Feed the Monster was funded by the Norwegian Ministry of Foreign Affairs and first piloted in Syrian Refugee Camps. Now, its software has been declared open source.
According to Bellavista School Principal Alison Scott, one of the key stumbling blocks hindering the development of reading skills in many children is the absence of reading instruction or material in their home language. “Language instruction is a complex issue in South Africa. The hard reality is that, despite laudable efforts to ensure that all official languages are represented in our curricula, we’re still faced with a lack of resources, from teachers to schools or materials.” Consequently, most children find themselves learning to read in a language they have not yet properly mastered, which detracts significantly from their proficiency.
Making reading easy and fun
Feed The Monster presents reading instruction in English, IsiXhosa, IsiZulu, Tshivenda, Sepedi, Sesotho, Xitsonga, SiSwati, Afrikaans, IsiNdebele, Setswana and even Swahili in a gamified format, making it easy for readers aged between six and eight to match letters with sounds, understand how those sounds combine to form words, and see how words go on to create meaningful sentences. In this way, children can raise their literacy level to early Grade Two on a CAPS measurement.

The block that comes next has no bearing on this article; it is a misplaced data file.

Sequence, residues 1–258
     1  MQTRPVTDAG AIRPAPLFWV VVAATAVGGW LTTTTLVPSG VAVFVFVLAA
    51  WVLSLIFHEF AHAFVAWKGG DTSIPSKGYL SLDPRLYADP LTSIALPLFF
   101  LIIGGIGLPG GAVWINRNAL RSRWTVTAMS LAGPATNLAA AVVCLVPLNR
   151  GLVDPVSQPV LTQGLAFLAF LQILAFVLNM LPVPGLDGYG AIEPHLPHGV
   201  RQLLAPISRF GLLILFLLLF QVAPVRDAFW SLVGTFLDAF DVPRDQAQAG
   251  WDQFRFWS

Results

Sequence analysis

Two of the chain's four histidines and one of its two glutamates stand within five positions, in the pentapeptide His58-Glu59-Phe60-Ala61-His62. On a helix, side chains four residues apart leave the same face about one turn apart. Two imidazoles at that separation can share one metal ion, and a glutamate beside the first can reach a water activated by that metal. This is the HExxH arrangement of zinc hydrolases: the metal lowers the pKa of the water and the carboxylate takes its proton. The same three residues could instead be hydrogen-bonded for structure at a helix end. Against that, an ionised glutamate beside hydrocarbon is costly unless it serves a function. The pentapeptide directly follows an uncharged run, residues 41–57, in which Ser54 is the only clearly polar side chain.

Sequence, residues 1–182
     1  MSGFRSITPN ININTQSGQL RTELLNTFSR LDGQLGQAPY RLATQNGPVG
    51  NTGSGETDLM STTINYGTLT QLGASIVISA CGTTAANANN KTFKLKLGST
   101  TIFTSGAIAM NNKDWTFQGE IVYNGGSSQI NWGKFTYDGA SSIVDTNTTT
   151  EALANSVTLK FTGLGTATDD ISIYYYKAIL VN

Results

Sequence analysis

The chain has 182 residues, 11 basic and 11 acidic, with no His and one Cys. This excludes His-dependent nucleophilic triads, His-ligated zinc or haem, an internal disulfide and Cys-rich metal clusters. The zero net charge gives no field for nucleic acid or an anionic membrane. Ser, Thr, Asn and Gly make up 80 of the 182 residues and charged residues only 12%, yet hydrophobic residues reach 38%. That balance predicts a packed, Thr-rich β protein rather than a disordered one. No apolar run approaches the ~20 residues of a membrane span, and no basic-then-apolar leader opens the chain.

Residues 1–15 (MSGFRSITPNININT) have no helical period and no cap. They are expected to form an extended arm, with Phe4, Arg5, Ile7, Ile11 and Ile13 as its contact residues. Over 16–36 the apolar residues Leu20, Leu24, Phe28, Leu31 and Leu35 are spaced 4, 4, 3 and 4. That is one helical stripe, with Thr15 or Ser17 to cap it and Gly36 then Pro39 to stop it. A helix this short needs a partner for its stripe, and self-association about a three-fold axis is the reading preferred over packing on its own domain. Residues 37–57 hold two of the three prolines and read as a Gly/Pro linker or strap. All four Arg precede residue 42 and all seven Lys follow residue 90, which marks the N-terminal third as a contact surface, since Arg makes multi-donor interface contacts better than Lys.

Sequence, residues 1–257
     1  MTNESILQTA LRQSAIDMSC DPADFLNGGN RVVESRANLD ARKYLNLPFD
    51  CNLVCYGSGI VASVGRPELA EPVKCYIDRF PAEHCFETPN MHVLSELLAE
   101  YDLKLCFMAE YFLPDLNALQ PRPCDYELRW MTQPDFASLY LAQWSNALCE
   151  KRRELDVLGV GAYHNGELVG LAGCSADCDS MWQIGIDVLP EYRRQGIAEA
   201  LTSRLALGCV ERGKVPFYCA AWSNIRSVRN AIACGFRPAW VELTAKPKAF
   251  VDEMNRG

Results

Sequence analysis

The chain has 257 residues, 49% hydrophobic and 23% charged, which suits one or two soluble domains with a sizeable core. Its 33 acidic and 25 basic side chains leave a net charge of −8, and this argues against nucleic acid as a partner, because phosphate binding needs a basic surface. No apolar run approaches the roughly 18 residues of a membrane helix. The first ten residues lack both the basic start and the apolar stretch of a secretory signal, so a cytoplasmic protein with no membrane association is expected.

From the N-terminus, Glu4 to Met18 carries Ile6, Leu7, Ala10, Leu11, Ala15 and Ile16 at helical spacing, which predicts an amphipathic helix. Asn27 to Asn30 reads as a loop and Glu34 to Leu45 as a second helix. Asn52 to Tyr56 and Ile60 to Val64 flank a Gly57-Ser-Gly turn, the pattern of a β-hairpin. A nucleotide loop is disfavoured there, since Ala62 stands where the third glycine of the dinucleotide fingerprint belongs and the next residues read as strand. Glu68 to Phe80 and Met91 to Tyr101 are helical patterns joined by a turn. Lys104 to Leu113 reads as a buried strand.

Scott observes that Feed the Monster offers a real solution to the learning and literacy challenges experienced by learners, teachers and parents alike. This is especially relevant now, during South Africa’s lockdown. “Even if we don’t consider how a lack of literacy will affect our children going into the future, many are facing the more immediate reality that, if they cannot read properly, that cannot work through the distance learning and teaching packs made available by schools during this time,” Scott says, noting that school closures present an additional challenge for children who are illiterate or struggling to read, as their inability to do so impacts on how they handle other academic tasks.
On the other hand, confident readers may relish the opportunity to broaden their skills to include learning to read in another language, especially an indigenous vernacular.
The app is suited for physical distancing, too, as links can be shared over SMS and social media networks.